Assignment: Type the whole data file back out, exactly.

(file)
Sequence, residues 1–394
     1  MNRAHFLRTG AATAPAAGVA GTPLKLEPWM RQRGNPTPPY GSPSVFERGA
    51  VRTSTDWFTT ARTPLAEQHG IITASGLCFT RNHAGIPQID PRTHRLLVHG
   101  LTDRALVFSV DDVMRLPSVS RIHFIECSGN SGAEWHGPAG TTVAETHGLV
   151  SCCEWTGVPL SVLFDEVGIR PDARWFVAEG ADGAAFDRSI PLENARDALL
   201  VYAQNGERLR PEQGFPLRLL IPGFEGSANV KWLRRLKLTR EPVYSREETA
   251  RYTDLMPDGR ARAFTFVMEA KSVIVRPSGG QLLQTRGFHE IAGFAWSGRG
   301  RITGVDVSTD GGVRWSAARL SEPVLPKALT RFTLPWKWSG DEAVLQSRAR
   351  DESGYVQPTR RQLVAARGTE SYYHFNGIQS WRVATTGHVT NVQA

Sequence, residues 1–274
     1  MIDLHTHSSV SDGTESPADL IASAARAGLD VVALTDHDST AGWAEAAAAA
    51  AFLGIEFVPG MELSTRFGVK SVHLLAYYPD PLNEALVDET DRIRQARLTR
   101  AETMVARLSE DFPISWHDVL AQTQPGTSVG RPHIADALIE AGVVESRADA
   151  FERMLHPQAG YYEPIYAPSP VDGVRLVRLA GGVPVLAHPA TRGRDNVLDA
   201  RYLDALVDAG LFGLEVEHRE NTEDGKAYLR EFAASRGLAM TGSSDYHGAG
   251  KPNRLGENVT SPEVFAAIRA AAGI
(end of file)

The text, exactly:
Sequence, residues 1–394
     1  MNRAHFLRTG AATAPAAGVA GTPLKLEPWM RQRGNPTPPY GSPSVFERGA
    51  VRTSTDWFTT ARTPLAEQHG IITASGLCFT RNHAGIPQID PRTHRLLVHG
   101  LTDRALVFSV DDVMRLPSVS RIHFIECSGN SGAEWHGPAG TTVAETHGLV
   151  SCCEWTGVPL SVLFDEVGIR PDARWFVAEG ADGAAFDRSI PLENARDALL
   201  VYAQNGERLR PEQGFPLRLL IPGFEGSANV KWLRRLKLTR EPVYSREETA
   251  RYTDLMPDGR ARAFTFVMEA KSVIVRPSGG QLLQTRGFHE IAGFAWSGRG
   301  RITGVDVSTD GGVRWSAARL SEPVLPKALT RFTLPWKWSG DEAVLQSRAR
   351  DESGYVQPTR RQLVAARGTE SYYHFNGIQS WRVATTGHVT NVQA

Sequence, residues 1–274
     1  MIDLHTHSSV SDGTESPADL IASAARAGLD VVALTDHDST AGWAEAAAAA
    51  AFLGIEFVPG MELSTRFGVK SVHLLAYYPD PLNEALVDET DRIRQARLTR
   101  AETMVARLSE DFPISWHDVL AQTQPGTSVG RPHIADALIE AGVVESRADA
   151  FERMLHPQAG YYEPIYAPSP VDGVRLVRLA GGVPVLAHPA TRGRDNVLDA
   201  RYLDALVDAG LFGLEVEHRE NTEDGKAYLR EFAASRGLAM TGSSDYHGAG
   251  KPNRLGENVT SPEVFAAIRA AAGI